Okaloosa County is located on the coast, not far from one of the main hurricane formation areas in the Atlantic Ocean. Hurricanes bring in primarily wind and flood damage. The highest probability of a hurricane occurrence in Okaloosa County is between early June and the end of November. Every Florida resident should be aware of the procedures and safeguards set in place by the local County and State agencies. All homeowners, landlords, and renters in Okaloosa County need to maintain appropriate insurance coverage to protect their property against possible loss and damage from wind and water damage.
For consultation and to get a quote on Homeowners, Renters, Condo, Flood, and other types of insurance in Okaloosa County, contact a Property & Casualty (P&C) insurance agent licensed in the state of Florida.
A Florida P&C insurance agent:
analyzes your needs and restrictions,
reviews your current policy, to make sure that the coverages are reflective of the current needs and housing market - helps to update coverage, if needed,
researches the locally available plans that fit your needs and is usually able to find a better deal than a consumer can find on their own,
checks for available savings and bundling discounts,
provides you with the available options of coverage,
explains how the differences between the options affect you once you start using each insurance product,
assists you with the application process,
does not affect your cost of insurance. (agent’s service is usually paid by the insurer)
Over 15% of adult residents in Okaloosa County lack proper health insurance coverage. This is lower than the state average of approximately 19%. Among its neighboring counties, the rate of uninsured adults in Walton County matches the state average, while Santa Rosa County reports the lower rate of 14%.
Around 18% adults (or nearly 38,000 residents) in Okaloosa County report problems with health.
A person may be considered obese if they have a BMI of 30 or more. On average, Okaloosa County has an obesity rate of 27%, which coincides with the average obesity rate of the entire state of Florida. One possible contributor to this is the physical inactivity of approximately 29% of Okaloosa County’s residents. Its neighboring counties, Santa Rosa County and Walton County, surpassed Florida’s obesity rate having around 31% and 32% of its adult residents categorized as obese, respectively.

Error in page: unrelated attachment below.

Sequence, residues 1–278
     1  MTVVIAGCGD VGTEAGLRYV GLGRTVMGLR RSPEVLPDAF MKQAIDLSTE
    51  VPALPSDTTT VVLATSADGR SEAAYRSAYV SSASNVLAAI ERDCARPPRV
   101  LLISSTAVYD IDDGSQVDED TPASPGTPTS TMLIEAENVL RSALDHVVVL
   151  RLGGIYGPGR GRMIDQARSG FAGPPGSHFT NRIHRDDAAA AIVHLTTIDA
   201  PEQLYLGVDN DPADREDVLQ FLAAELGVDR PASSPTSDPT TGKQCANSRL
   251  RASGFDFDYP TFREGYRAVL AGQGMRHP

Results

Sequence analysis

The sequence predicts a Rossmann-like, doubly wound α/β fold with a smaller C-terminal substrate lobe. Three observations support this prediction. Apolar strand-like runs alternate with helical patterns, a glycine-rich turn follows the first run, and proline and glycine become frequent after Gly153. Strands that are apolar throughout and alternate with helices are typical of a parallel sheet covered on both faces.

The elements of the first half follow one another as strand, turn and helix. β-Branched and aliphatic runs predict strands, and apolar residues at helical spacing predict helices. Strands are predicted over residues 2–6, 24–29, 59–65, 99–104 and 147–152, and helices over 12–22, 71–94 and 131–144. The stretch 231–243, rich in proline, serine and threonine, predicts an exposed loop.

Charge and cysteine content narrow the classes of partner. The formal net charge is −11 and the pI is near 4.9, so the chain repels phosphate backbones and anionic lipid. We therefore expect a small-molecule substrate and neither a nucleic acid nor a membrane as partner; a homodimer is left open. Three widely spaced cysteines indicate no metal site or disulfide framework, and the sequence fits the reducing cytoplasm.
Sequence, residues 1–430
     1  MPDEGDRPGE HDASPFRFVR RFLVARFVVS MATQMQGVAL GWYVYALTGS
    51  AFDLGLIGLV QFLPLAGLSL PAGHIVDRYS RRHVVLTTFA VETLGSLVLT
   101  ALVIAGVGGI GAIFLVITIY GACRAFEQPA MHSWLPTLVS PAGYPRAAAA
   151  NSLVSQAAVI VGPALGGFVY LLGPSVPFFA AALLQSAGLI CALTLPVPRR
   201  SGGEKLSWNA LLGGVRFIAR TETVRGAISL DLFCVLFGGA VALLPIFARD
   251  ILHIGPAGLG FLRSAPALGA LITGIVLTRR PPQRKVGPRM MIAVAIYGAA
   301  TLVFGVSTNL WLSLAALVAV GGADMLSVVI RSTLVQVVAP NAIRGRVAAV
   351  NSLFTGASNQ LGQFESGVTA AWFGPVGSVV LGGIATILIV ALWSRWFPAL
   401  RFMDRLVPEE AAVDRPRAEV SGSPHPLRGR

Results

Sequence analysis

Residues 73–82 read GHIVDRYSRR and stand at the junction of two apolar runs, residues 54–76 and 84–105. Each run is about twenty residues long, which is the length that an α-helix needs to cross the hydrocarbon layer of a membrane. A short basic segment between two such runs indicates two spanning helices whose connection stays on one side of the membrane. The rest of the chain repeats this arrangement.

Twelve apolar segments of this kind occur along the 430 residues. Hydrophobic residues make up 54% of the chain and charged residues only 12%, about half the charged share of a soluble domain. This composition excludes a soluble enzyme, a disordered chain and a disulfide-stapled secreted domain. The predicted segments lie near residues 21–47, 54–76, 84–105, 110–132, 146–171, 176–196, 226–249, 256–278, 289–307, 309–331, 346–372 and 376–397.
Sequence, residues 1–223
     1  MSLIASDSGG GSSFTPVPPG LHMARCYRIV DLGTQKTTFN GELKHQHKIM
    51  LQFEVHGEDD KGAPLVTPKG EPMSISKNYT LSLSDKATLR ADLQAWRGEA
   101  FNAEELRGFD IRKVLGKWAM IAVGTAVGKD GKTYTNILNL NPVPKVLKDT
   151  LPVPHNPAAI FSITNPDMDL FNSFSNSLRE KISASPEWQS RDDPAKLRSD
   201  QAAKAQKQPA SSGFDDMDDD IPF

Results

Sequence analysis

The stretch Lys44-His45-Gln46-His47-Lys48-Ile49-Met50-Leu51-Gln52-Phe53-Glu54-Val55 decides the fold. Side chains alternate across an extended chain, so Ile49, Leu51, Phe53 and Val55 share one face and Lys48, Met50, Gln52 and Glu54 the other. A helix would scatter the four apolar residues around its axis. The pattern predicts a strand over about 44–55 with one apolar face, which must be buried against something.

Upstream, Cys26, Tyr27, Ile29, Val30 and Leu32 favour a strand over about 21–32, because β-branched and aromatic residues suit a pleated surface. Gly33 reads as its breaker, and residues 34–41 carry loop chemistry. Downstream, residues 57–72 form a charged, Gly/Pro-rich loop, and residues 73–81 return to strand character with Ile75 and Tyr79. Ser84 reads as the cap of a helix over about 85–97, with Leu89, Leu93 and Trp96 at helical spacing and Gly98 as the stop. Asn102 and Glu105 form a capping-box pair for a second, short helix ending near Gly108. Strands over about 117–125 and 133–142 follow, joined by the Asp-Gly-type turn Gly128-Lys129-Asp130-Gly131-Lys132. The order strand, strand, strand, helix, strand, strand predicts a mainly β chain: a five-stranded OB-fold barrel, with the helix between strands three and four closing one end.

Health insurance is the most important insurance coverage, and over 30 thousand adult residents of Okaloosa County lack this necessity.
Florida is among the states that allow the sale of multiple types of health insurance and supplemental products. This makes it easier for Okaloosa County residents to obtain coverage that fits their specific needs (both medically and financially): Group of Individual Marketplace ACA health insurance, Various types of Short-term insurance (up to 3 years in coverage), Hospital Indemnity, Accident & Health, etc.
Low-income health insurance: If health insurance is not being purchased due to unaffordability, low-income consumers are generally advised to apply for government subsidies, which can substantially lower the cost of insurance.
If you do not have pre-existing conditions, Short-term insurance may provide an alternative saving path. (* Some Florida multi-year short-term health insurance plans may cover certain pre-existing conditions after a year or more of coverage).
Discuss your health insurance needs with a knowledgeable state-licensed Florida health insurance professional with access to a variety of health insurance plans available to Okaloosa County residents. Offerings of health insurance coverage and its pricing may differ between zip codes.